Preacher returns to free speech zone

Jenny Rohl/TheNews

Story by Abby Siegel, News Editor

Ross Jackson of Revival Mission Ministries paid another visit to Murray State Monday and Tuesday, preaching in the free speech zone on campus while students circled around him.

Jackson was at Murray State last October preaching on similar topics. He wore a dress shirt and tie with a body camera strapped to chest and wore the same buttons with the words “homo” and “porn” marked out on them that he wore last October. He again held a black Bible that he thumped while speaking, but rarely opened to quote scripture in context.

According to Revival Mission Ministries WordPress website, the ministry is devoted to laboring for biblical revival in the church and in the world, and is committed to preaching at college campuses, streets, block parties, festivals, pagan parades and “such the like.”

More than 75 students circled around Jackson, some moving into the circle, others asking him questions or debating theology with him inside the free speech zone. The students and Jackson shouted their religious beliefs at each other.

Jackson’s wife and three young children were present, sitting silently under the tree next to the Curris Center.

Jacob Nasserizafar, sophomore from Newburgh, Indiana, attended his speeches on both days to hear what Jackson had to say.

“I came out to listen to him completely for entertainment,” Nasserizafar said. “It has been a lot of fun hearing these crazy things that he has been saying.”

Nasserizafar said he is not religious and Jackson’s preaching has no impact on his beliefs.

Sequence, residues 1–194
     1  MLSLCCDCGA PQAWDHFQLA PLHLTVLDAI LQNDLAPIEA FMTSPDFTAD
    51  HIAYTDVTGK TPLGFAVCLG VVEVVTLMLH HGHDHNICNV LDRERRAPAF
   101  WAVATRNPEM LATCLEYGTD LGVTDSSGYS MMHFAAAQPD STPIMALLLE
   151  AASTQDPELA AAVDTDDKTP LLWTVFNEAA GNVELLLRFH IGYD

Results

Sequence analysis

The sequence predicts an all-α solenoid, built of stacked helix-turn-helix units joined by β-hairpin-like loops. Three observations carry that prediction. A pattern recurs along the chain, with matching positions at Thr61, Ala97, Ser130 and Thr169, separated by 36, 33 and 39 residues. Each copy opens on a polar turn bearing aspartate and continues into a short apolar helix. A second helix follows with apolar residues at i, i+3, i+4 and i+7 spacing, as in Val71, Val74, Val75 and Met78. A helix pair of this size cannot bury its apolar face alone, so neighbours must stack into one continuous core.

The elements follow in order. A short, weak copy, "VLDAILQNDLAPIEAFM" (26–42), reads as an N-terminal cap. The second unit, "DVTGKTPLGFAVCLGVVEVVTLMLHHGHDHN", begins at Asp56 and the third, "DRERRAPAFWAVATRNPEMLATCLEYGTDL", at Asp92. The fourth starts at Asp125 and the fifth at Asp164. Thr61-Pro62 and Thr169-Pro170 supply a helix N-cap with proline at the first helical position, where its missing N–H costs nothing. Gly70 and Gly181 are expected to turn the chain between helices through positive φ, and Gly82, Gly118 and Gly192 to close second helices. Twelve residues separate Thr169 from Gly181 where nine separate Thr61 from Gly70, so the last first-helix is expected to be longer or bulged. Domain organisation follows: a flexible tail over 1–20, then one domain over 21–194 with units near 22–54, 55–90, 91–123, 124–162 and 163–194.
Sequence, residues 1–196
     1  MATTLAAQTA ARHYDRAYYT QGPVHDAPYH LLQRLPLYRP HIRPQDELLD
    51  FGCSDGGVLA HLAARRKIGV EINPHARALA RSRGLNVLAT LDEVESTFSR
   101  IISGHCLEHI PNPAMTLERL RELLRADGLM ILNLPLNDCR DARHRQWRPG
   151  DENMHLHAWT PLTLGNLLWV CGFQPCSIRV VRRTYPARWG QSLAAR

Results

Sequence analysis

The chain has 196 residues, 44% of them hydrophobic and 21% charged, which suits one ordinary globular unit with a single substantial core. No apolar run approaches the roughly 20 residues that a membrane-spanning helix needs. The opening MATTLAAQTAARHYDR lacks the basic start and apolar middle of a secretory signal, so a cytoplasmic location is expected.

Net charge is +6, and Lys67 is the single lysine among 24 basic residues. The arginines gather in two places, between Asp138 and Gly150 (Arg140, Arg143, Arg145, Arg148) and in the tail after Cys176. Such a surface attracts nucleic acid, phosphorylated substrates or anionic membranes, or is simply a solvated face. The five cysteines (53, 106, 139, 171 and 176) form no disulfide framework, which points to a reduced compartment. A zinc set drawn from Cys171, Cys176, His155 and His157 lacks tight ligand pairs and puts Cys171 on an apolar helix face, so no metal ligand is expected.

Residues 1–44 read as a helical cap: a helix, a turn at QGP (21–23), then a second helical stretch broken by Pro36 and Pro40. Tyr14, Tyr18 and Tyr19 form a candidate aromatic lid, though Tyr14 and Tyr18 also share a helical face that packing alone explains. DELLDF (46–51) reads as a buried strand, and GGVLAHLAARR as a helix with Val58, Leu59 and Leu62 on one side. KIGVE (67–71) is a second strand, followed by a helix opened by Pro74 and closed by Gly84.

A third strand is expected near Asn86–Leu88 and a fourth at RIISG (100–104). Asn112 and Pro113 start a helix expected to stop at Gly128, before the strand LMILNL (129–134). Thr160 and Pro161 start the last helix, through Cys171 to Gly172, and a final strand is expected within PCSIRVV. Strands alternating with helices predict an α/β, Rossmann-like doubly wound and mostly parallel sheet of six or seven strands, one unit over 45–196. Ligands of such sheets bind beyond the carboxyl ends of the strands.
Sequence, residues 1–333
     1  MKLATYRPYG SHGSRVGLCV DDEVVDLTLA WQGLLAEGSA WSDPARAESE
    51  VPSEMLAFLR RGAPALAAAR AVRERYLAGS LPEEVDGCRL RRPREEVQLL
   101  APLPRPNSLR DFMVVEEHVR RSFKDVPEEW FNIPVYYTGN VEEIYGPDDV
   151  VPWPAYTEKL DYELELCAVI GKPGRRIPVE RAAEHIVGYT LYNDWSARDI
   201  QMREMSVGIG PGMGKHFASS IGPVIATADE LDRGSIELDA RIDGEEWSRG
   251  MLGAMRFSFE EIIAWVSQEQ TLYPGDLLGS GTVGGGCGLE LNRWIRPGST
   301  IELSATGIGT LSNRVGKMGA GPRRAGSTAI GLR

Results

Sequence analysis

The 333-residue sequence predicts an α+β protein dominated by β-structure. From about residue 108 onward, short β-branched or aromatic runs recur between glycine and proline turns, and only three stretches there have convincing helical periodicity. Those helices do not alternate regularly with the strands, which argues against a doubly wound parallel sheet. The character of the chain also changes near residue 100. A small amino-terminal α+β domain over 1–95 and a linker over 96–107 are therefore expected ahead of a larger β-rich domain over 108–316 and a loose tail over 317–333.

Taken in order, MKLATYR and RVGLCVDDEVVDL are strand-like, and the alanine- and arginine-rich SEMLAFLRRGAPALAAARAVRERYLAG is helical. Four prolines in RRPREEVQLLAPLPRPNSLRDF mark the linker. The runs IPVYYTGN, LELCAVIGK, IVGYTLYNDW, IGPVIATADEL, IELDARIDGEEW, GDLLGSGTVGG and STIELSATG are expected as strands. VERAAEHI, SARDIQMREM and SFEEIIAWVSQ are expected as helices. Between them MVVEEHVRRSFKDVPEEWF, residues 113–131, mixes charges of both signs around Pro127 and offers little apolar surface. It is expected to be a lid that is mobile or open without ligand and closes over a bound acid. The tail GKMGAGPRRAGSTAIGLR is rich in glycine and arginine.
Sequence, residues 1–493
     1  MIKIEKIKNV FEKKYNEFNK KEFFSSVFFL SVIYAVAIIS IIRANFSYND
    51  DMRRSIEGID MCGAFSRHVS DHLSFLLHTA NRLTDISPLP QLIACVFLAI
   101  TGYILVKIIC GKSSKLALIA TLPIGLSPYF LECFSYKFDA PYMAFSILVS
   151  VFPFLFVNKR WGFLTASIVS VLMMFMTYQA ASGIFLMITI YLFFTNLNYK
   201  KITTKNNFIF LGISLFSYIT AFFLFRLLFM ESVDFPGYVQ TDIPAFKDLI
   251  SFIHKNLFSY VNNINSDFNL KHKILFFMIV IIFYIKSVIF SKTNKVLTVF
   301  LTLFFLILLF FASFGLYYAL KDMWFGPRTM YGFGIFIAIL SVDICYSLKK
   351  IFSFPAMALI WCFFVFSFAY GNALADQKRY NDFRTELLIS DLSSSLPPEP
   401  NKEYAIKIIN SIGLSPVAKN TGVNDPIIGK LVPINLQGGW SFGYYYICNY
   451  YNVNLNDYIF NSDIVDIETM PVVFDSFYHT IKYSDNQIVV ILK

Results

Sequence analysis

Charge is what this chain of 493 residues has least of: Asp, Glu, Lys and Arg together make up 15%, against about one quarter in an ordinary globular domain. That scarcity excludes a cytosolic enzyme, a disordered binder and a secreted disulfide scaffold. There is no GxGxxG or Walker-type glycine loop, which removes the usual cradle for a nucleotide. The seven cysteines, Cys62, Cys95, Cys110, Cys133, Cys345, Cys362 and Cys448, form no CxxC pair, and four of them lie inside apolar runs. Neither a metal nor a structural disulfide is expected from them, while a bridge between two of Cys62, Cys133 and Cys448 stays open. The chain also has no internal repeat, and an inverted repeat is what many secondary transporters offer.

“It is quite obvious to me that what he is doing is just to get a reaction out of the crowd,” he said. “He is wearing a GoPro just waiting for someone to come up and attack him.”

Two officers from Public Safety and Emergency Management were present during both days Jackson was on campus.

Sawyer Rambo, senior from Cunningham, Kentucky, and Derek Stine, senior from Sparta, Illinois, said they are Christians and they attended Jackson’s speech to try to speak truth about the Christian faith to those in attendance.

Stine said he skipped class to see Jackson preach, and he attempted to engage in a conversation with Jackson about Calvinism but the conversation was “fruitless” because he didn’t seem interested in answering his questions.

“The thing that really makes me sad is that the people who are lost and don’t know Christ are going to look at this man and have the same perception they have of him and apply that to Christ himself,” Stine said.

Rambo said he also tried to talk to Jackson, but he said Jackson didn’t give much of answer to his question about the conversion of the biblical character Paul.

“You can get really mad and say ‘this guy is not speaking truth,’” Rambo said. “Or you can say ‘this is an opportunity for people to have conversations about faith and really open up about what they believe and share how you see the Gospel.’”

Rambo said he wants those who aren’t Christians to see the way he and other Christians act and notice that there is a difference in the way they act from what Jackson was saying.

“He mentioned that people were going to hell if they died in their sin…but what this man is not doing is preaching the cross,” Stine said. “Jesus came to this world fully God and fully man, and lived the perfect life that we couldn’t live and in our place by the death we deserved to die, and because of his burial and subsequent resurrection God is able to justify us through faith and Christ alone.”